Scope and Contents
The Young-Mallin Archive contains a variety of materials that relate to artists of the Surrealist movement and those who have been influenced by their work. Young-Mallin collected and assembled her research files, third-party correspondence, photographs, and ephemera to document the artistic milieu in New York from the late 1930s to the early 1950s, especially among expatriates fleeing Europe during wartime. She was personally acquainted with some of these individuals -- such as Carol Janeway, Leonora Carrington, and Dorothea Tanning -- and Young-Mallin's interactions with them are highlighted in interviews and direct correspondence. The Young-Mallin Archive has been consulted by scholars conducting archival research into this artistic circle; their social lives are particularly well illuminated. Friendships, marriages, and love affairs are frequently highlighted in Judith's interviews.
- Majority of material found within 1940-2005
- Young-Mallin, Judith, 1937-2020 (Compiler, Person)
Language of Materials
English with some French.
Conditions Governing Access
This collection is open for research.
Conditions Governing Use
The Young-Mallin Archives are the physical property of the Philadelphia Museum of Art, Archives. The Museum holds literary rights only for material created by Museum personnel or given to the Museum with such rights specifically assigned. For all other material, literary rights, including copyright, belong to the authors or their legal heirs and assigns. Researchers are responsible for obtaining permission from rights holders for publication and for other purposes where stated.
Biographical / Historical
Judith Young-Mallin was an accomplished art collector, cultural historian, archivist, interviewer, author, and cook. First and foremost, however, she was an expert on Surrealism in New York. Noting that she too had a “slanted perspective on things,” Young-Mallin felt a kinship with these artists and the way they “kept their eyes open and looked at things differently.” Over the years, she made a point of meeting many of them, including luminaries such as Carol Janeway, Leonora Carrington, Noma Copley, Juliet Man Ray, and Dorothea Tanning. Along the way there were innumerable conversations, interviews, exhibition openings, art acquisitions, parties, and memorable meals at her West Village apartment—a work of art in itself.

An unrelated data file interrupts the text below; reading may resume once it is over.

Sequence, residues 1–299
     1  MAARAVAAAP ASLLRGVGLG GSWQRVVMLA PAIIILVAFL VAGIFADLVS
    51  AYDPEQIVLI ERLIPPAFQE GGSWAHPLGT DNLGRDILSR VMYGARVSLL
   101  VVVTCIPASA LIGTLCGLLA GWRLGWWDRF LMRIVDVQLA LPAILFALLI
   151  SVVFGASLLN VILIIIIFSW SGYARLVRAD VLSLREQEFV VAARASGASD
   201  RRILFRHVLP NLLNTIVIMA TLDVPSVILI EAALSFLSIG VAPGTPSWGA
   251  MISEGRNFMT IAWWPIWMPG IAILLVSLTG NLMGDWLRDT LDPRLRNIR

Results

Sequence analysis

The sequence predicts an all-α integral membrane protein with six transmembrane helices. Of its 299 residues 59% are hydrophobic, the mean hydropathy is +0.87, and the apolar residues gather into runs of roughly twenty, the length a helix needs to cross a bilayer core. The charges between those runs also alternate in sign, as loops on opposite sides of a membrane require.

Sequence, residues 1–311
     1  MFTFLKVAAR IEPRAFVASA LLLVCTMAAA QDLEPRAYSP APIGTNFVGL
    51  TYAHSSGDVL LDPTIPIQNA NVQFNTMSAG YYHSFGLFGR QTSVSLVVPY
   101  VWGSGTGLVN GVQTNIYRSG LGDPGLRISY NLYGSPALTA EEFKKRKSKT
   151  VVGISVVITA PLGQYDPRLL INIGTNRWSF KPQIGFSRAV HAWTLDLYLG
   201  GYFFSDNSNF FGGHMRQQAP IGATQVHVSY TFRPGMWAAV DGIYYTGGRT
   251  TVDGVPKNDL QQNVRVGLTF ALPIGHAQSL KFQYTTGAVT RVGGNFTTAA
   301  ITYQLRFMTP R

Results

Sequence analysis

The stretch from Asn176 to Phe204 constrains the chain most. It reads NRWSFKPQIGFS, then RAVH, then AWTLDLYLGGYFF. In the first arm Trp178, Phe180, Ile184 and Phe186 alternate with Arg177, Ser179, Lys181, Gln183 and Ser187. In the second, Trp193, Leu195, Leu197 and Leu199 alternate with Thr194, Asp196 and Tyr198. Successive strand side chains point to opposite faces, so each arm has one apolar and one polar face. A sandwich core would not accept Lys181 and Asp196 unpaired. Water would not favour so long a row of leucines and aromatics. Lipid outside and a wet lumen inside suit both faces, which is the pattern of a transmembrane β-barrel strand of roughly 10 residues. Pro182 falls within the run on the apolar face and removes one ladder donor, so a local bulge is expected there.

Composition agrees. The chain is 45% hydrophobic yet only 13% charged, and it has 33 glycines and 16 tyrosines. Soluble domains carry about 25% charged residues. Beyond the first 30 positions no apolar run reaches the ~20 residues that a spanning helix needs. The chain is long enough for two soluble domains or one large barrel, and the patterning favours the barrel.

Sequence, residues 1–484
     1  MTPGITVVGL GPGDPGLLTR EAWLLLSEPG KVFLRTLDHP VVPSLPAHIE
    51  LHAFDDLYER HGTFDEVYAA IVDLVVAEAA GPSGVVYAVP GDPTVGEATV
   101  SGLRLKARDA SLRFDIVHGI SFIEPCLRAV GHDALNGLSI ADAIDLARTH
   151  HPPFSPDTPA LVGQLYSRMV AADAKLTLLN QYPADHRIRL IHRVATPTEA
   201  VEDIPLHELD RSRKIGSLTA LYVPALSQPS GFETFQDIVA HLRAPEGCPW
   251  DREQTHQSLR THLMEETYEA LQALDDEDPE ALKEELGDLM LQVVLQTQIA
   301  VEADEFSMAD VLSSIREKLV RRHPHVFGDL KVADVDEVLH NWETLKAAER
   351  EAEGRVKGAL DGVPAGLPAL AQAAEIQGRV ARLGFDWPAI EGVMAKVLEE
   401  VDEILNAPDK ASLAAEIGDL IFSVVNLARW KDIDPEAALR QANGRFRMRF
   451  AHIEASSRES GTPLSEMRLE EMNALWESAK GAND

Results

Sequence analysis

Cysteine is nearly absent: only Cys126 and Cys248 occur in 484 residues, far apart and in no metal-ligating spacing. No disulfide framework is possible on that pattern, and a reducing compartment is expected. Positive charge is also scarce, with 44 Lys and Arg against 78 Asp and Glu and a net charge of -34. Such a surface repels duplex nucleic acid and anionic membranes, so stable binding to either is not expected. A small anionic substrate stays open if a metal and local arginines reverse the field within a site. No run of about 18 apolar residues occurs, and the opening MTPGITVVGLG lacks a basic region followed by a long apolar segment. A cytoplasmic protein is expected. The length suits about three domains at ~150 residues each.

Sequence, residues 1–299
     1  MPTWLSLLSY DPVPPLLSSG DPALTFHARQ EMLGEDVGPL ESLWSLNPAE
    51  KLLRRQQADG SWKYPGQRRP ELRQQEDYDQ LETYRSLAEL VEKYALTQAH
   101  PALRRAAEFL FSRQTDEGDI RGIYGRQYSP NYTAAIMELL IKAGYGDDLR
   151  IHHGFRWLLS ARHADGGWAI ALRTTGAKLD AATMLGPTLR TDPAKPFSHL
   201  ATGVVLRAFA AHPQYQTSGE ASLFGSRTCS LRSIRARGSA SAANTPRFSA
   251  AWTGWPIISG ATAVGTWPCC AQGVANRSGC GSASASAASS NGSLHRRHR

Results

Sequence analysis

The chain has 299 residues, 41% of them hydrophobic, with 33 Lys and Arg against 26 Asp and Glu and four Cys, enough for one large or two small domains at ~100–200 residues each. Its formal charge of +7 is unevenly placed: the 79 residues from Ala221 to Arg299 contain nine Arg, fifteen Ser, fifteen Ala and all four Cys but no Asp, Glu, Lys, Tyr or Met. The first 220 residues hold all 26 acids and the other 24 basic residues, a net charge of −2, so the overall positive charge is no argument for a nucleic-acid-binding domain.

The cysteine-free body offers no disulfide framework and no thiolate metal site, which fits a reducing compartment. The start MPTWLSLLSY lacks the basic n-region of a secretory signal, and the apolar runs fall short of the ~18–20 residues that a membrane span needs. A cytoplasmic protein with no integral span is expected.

Judith Young-Mallin was born on August 10, 1937, in Mount Vernon, New York, the daughter of Milton and Marion Ethel (Peterfreund) Young. She was exposed to Surrealism at an early age through children’s art classes at the Museum of Modern Art in New York. She later attended Syracuse University and New York University. Young-Mallin began collecting art while still a student, but it wasn’t until 1985, after a long marriage and raising a family, that she embarked on her Surrealist adventure in earnest. The following year, she helped create the Surreal Eye television series for WNET-TV in New York, which traced the history of the movement through documentaries and iconic films. She has also served as an independent lecturer and consultant, lending her expertise to many institutions and projects, including the American Craft Museum, New York (1986); PBS’s American Masters series (1991); the Courtauld Institute of Art, London (1991); the Art Institute of Chicago (1992); the School of Visual Arts, New York (1992); the Pollock-Krasner Foundation (1997); the Peggy Guggenheim Collection, Venice (1998); the Isamu Noguchi Museum, Queens, New York (2005–6); and the Wadsworth Atheneum, Hartford, Connecticut (2005–6). She has also written about Eileen Agar, Edward James, Juliet Man Ray, M. F. K. Fisher, Virgil Thomson, Surrealism and women, and the avant-garde journal View.